Life Out There
Review by Rosh on March 19, 2021.
Maryland is quite literally the traditional doom metal capital of the world - it has to be with so many gems to unearth, mostly signed to Hellhound Records in the 1990's. Unfortunately, many of these very inspired and musically talented bands faded into obscurity after the label went bankrupt and closed by the end of the decade, screwing over many of their bands in the process. Wretched is a way lesser known outfit than The Obsessed, Iron Man, Count Raven, or Saint Vitus, all of whom made up the Sabbath-loving Hellhound roster back then, but their main claim to fame might be the vocalist Dave Sherman who formed the better known (but still largely overlooked) Maryland doom band Earthride. At any rate, Wretched (though their name isn't unique from numerous other bands) deliver hook-based, grooving, and somewhat eclectic classic doom metal on their debut.
This is The Obsessed-circa "Lunar Womb/Church Within" style doom, so don't expect anything too slow, but do expect there to be a curiously jammed-out feel to the music. This is a tendency that actually makes this album feel approachable to many kinds of heavy rock fans other than true doom metalllers. Anyone into Alice in Chains (who, fight me, have a lot of doom metal in their sound) could easily appreciate this stuff, especially the stoner-rockish guitar melodies accenting the Sabbathy metal riffs. In fact, the riffing in songs like 'Verbal Suicide' and 'The One I Seek' make me feel a lot less blue about The Obsessed only having a few albums in the 90's. No doubt Wino himself is in good standing with the surviving members of Wretched.
Albums like Life Out There really highlight the variety offered in a style like traditional doom. Many people wouldn't necessarily realize this is true doom music, in fact they might think it's grunge or stoner rock, but as it turns out, the Sabbath influence of traditional doom metal is so far-reaching that it unifies many of the bands playing these respective styles. The result is that Wretched feels like an excellent gateway into classic doom from better known kinds of rock and metal, despite this album being entirely overlooked. All the right elements are here, ultimately. A warm guitar tone that blends cozily with the just-overdriven-enough bass (see the opening bassline in the title track) makes for the right amount of heaviness to suit both the wistful lead melodies and the chunky rhythm guitar progressions. One need look no further than the bridge of 'Standing Down' or the unexpectedly foreboding hooks of 'Unknown Soul' and 'The Fight' for a sense of doom metal melodicism coupled with beefy riffs that doesn't sound like a basic Trouble clone.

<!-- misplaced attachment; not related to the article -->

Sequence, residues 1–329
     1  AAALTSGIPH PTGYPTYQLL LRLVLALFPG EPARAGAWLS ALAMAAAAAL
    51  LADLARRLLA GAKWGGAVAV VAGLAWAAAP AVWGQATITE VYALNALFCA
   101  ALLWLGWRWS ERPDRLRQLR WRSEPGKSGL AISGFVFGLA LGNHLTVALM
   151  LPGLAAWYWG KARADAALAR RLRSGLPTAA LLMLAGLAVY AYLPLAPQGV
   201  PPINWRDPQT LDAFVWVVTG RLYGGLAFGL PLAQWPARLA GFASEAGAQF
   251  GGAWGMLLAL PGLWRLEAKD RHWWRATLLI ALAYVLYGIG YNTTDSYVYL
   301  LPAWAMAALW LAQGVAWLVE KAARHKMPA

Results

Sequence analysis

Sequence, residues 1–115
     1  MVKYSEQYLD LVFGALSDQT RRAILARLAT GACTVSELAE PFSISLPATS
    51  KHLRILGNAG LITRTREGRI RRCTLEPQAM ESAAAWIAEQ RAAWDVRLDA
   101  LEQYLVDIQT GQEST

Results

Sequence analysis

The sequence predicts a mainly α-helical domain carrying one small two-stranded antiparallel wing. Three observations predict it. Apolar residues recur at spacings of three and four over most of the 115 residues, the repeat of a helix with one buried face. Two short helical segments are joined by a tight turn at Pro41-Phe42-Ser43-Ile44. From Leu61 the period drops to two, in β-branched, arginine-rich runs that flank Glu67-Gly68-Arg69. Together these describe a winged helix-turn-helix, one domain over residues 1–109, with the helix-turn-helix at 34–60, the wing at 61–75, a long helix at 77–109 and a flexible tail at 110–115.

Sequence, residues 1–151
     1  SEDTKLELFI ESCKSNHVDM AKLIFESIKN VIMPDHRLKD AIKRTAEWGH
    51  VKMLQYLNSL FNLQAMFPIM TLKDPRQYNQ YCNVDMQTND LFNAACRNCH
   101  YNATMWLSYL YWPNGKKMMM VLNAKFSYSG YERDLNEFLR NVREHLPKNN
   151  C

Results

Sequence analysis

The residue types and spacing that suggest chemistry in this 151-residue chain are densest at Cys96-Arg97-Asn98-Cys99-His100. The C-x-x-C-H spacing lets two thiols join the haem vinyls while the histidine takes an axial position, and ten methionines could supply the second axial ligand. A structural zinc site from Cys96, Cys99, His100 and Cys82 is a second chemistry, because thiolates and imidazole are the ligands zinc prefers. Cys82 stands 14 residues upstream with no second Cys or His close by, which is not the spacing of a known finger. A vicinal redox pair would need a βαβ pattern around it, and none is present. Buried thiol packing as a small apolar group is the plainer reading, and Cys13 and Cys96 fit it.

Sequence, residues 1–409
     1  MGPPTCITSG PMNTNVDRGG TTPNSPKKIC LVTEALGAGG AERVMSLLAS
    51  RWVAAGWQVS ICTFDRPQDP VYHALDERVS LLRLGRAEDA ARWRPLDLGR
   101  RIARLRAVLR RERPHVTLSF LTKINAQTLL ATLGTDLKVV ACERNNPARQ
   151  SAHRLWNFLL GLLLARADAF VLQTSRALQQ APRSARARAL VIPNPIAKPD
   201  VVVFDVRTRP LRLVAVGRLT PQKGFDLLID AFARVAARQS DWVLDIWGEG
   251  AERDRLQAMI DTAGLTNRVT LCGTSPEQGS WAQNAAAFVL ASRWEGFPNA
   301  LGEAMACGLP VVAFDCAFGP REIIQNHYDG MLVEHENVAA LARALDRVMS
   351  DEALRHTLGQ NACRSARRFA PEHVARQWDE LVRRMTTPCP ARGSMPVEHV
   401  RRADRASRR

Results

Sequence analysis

This is definitely one of those 90's "CD" albums, too - the time when albums started getting longer because they could fit more stuff on the media format. Sure, it's under 45 minutes while a lot of other albums in this league are well over an hour (see Count Raven's "High On Infinity"), but the way this album is structured, that is, 10 tracks with no interludes, it still lends the album the feel of being longer than it actually is. That's actually a good thing, though, because the music is damn good, so by time you finish the album, you feel like a satisfied doomaholic. Really, I could listen to the riffs on Life Out There all day, both the groovier ones and the more mysteriously doomy ones. This is the type of album that doesn't need any instrumental tracks, because riffing is already such a strong focus, which is one of the best things you can say about the Maryland doom scene. On top of that, the vocals feel gruff enough to grab your attention but not so much that they feel out of place with the chilled, grooving metal music on display, so it lets you focus on the instrumentation.
Lastly, the cover art for this album is so damn cool, I really like it! It's... wacky but it fits the music perfectly! Who is the figure we see a silhouette of juxtaposed against a colorful Dr. Seuss-esque background? Totally has a 90's stoner or grunge feel but it's just pure doom with loads of diverse influences! I'm not sure if that artwork is photography or a painting or a hybrid, but it is ART!
This is ultimately the type of album the average metal listener needs more of in their musical diet, even if it is by and large not something most people into heavy music would listen to that often unless their favorite bands are without doubt Black Sabbath, The Obsessed, and Alice in Chains. Then, this might be your favorite album ever.
Rating: 9.4 out of 10245